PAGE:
The Inner World: The Last Wind Monk Review – A Fantastic Sequel

The Inner World: The Last Wind Monk is a sequel to Studio Fizbin’s The Inner World. The Last Wind Monk brings the player back to Asposia, which is unfortunately not in much better shape than when Robert, Laura, and Peck saved it three years prior.

Unfortunately, after the events of the first game Robert was petrified while running away from his Kingly responsibilities. While he was a statue his people, the flute-noses, were being rounded up and imprisoned by ‘Conroyalists.’ The Conroyalists are a fascist-coded group who believe the flute-noses are villains who killed Conroy in cold blood and brought forth the menacing Basilyians from the wind fountains. Their leader, Emil, is determined to execute all of the flute-noses, dooming Asposia to a suffocating death.

Once he’s de-petrified, Robert must go on another quest to save Asposia, all the while facing his own personal demons. This time around, there are many puzzles of different kinds for him and his friends to solve as they disagree on the best way to save their world.

Doing a Sequel Right

This is an amazing follow up to the already enjoyable first game. The game has a number of improvements to improve the player experience. The player must frequently take control of Laura and Peck to help Robert with their unique skills. It creates a new depth to the game, where you must consider all of the characters and their strengths to solve the puzzles. The puzzles are even more in-depth and varied outside of the standard point and click fare. You might play some tunes on Robert’s flute-nose, or solve a matching game, keeping things interesting.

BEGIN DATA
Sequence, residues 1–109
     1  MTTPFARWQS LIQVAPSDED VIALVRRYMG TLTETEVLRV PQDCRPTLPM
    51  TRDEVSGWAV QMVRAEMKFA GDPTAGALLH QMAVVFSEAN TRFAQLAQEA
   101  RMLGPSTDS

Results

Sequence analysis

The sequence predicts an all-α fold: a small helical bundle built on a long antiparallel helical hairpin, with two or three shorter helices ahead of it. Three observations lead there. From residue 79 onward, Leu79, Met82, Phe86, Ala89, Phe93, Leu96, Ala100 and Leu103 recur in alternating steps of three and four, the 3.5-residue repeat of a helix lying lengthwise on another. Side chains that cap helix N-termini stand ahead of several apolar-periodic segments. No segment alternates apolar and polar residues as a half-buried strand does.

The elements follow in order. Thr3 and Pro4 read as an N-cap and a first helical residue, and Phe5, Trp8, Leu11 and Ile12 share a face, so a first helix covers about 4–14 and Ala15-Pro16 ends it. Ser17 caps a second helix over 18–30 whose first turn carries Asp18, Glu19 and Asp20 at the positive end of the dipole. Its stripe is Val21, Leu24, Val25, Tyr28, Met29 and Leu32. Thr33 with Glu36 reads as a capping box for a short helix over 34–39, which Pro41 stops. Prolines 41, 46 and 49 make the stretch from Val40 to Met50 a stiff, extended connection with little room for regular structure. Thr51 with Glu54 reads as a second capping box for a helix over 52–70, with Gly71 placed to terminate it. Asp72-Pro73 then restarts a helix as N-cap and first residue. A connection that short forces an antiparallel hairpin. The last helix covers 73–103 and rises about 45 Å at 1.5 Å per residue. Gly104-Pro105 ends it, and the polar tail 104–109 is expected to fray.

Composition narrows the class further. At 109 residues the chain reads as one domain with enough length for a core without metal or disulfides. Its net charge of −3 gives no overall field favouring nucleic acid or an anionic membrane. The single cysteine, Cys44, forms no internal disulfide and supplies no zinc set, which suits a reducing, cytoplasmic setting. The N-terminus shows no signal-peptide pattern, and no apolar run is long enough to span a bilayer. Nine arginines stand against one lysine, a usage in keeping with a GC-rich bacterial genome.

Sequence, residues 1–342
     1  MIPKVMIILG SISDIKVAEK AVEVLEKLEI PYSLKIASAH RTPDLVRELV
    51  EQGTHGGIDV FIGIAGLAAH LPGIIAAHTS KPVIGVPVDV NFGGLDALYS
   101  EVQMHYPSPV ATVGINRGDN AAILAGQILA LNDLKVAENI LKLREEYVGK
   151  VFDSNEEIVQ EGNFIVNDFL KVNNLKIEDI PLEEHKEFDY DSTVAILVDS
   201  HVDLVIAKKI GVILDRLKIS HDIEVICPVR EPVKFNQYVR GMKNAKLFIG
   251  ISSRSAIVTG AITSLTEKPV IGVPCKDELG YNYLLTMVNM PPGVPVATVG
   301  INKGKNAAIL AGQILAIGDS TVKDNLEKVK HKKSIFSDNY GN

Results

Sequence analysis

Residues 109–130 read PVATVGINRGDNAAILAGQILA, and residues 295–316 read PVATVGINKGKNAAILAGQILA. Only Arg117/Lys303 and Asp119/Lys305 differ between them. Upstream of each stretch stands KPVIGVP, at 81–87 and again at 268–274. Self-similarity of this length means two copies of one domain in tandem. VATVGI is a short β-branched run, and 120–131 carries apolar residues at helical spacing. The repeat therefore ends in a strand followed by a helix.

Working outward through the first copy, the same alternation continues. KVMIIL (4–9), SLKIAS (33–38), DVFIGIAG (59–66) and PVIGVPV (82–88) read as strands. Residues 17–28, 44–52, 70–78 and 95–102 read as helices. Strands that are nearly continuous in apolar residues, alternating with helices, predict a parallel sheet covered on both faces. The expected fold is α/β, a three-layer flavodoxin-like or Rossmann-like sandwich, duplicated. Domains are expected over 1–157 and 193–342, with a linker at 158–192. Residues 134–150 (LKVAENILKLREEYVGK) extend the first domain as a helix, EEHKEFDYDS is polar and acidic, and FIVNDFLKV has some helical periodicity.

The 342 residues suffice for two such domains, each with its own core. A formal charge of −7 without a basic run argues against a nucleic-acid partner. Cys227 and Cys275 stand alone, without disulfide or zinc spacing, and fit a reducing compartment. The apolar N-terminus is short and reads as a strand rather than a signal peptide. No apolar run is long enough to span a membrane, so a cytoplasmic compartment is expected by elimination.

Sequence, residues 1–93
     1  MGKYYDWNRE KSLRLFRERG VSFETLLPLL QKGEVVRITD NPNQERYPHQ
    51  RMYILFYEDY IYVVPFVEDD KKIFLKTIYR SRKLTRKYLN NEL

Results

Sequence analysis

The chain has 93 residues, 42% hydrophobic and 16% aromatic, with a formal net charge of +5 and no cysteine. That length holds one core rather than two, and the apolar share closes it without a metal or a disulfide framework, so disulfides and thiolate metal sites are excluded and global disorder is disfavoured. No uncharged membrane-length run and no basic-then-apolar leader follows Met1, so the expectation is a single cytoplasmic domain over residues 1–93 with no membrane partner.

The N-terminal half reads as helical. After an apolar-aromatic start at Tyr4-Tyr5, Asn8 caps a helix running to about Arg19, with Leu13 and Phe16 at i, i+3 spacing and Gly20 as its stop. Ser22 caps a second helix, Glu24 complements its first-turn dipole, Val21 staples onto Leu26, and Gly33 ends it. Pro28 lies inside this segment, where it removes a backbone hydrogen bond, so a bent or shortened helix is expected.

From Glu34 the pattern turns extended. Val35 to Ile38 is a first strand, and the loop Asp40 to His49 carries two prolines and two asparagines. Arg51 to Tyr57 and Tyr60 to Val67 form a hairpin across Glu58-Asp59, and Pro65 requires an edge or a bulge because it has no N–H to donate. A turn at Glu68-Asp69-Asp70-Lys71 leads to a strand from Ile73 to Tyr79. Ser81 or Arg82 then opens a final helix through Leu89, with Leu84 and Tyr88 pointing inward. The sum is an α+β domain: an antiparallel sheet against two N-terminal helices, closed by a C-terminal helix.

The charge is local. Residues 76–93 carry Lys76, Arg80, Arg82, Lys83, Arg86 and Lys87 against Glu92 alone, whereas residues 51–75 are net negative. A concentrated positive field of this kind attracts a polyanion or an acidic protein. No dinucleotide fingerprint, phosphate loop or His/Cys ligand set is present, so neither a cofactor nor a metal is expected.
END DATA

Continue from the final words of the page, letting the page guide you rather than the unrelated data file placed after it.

The Last Wind Monk also improves use of the Switch’s touch screen to improve the quality of life for the player. It isn’t a perfect functionality, and you can’t do everything from the touch screen. However, you can navigate to a new point much more easily than just scrolling through. This is especially helpful as levels are often large and jam packed with items to interact with.

The developers clearly took a look at what worked and what didn’t from The Inner World, and made clear, discrete steps to improve upon their first work. They took the great story elements and added game play experiences to flesh these elements out even more.

A Beautiful, Relevant Story

The world of Asposia is again beautifully crafted to be a dark and dreary land with dynamic characters to interact with. The xenophobia the flute-noses fall victim to is not a minor issue. The main characters often challenge the antagonists’ quickly grasped at beliefs that the flute-noses are evil, but to no avail.

However, Robert faces more than just fascist-coded enemies. He also battles his own anxiety and negative self-talk, which he hears as Conroy’s voice in his head. During his search for the last of the Wind Monks, Robert has to work to find the value in himself.

These themes are not unfamiliar to players today, and are handled well by the team at Studio Fizbin. These issues culminate in an excellent, twist-filled last act, with a satisfying ending.

System reviewed on: Nintendo Switch.

Disclaimer: A review code for The Inner World: The Last Wind Monk was provided by Headup Games.

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